artemisia pollen Data

At present IPOL holds site metadata for published records and academic theses but does not include unpublished reports. We would like to add these to the database. Please let me know of reports and other pollen work that I may not be aware of. Contact email:

While I have taken care to check reference material against OS maps and original publications, there may be some errors in the dataset. Please notify me if you come across mistakes.

The site table

Records have to have at least three pollen samples to be included in IPOL.

Site numbers

These are unique and link the Google earth markers with the site table. Sites are not in any particular order.

Site names

Site names are not unique. Where the same site name is used for different locations, a geographical identifier is added to the name, e.g. Red Bog (Louth). If the same site was investigated several times a number is added to the name e.g. Treanscrabbagh1 and Treanscrabbagh2.


Altitude above mean sea level is as reported in the publication or read from the OS maps.

Site coordinates

These are in latitude and longitude, they can also be read from the properties of the Google earth site markers. To change coordinate formats you may want to use the coordinate converter of the OSI or Barry Hunter's nearby converter.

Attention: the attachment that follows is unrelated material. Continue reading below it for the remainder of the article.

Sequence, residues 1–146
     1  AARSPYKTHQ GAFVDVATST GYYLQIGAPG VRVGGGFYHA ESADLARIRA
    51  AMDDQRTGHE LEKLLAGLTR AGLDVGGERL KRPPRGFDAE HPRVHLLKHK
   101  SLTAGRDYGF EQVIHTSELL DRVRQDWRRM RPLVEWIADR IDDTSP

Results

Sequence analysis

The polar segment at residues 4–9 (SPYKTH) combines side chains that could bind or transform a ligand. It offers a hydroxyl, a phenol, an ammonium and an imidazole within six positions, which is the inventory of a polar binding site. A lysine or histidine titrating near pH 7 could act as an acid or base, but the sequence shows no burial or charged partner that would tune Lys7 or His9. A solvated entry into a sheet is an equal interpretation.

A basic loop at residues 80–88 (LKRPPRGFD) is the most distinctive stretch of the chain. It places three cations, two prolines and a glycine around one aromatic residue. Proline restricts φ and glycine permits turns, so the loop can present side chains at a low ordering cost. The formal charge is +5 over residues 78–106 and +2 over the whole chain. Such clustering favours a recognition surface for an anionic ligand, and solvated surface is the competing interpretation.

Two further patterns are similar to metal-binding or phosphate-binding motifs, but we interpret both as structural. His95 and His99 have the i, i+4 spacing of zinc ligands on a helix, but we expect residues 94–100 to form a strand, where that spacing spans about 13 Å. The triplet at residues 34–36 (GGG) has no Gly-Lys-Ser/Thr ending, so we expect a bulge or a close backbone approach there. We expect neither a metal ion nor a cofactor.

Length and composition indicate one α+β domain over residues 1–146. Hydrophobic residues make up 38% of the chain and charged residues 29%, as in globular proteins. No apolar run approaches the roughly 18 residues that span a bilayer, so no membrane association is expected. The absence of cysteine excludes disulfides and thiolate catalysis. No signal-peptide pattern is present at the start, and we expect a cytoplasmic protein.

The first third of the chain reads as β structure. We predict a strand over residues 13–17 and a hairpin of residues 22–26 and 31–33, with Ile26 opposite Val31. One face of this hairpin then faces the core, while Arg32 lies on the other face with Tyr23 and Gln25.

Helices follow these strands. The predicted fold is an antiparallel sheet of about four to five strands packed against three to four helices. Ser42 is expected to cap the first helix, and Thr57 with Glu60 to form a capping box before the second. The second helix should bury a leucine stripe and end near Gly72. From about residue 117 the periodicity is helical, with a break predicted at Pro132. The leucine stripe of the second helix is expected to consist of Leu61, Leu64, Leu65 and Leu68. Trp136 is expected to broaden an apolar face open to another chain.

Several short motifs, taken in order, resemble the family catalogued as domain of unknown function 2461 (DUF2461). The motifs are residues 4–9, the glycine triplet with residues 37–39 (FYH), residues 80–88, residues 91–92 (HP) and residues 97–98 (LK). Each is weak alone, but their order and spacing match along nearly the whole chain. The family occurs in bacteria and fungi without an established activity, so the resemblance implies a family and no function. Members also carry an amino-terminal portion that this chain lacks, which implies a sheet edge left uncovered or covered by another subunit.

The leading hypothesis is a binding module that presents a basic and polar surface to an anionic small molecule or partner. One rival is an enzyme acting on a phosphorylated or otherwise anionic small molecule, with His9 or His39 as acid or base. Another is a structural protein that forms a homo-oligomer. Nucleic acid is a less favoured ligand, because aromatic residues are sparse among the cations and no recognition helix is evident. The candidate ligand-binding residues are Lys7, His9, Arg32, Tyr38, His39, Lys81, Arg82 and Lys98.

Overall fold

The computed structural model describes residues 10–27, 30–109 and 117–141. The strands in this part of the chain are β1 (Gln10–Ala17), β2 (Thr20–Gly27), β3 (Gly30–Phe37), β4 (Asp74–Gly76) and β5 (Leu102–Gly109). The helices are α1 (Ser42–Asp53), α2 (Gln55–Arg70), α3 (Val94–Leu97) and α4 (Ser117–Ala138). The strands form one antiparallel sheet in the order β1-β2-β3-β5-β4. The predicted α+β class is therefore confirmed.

Multiple cores

Many site entries contain records of several cores or of sites in close proximity. Unless they are different site types or appear in different publications, sites investigated within one area by the same team of researchers are generally represented by only one entry. They are marked as multiple cores.

Site type

Describes the site.

Time span

The database includes an approximate time span covered by the records. This parameter is no more than a loose estimate from the pollen diagrams. Please check the original publications for dates.


Dates are in calPB, that is calibrated radiocarbon years before AD1950. No distinction is made between conventional and AMS 14C dates. Where several cores exist, the 'number of dates' generally refers to the core with most dated levels.


The person who enumerated and identified the pollen.


The reference is not always for the earliest publication but may be the publication which is easiest to access. Early pollen work was often reported separately from associated 14C dates. Where I found separate records for the pollen and the dates, I included both papers. The references are also included in the 'Properties' of the Google earth site markers.